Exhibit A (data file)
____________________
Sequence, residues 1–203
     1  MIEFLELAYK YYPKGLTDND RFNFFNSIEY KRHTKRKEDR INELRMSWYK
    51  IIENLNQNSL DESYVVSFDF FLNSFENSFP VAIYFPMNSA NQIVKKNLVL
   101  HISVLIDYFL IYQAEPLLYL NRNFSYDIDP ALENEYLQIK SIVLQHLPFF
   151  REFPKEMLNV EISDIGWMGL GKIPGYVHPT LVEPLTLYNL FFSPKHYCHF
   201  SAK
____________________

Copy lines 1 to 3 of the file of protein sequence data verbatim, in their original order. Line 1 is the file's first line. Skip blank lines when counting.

Sequence, residues 1–203
     1  MIEFLELAYK YYPKGLTDND RFNFFNSIEY KRHTKRKEDR INELRMSWYK
    51  IIENLNQNSL DESYVVSFDF FLNSFENSFP VAIYFPMNSA NQIVKKNLVL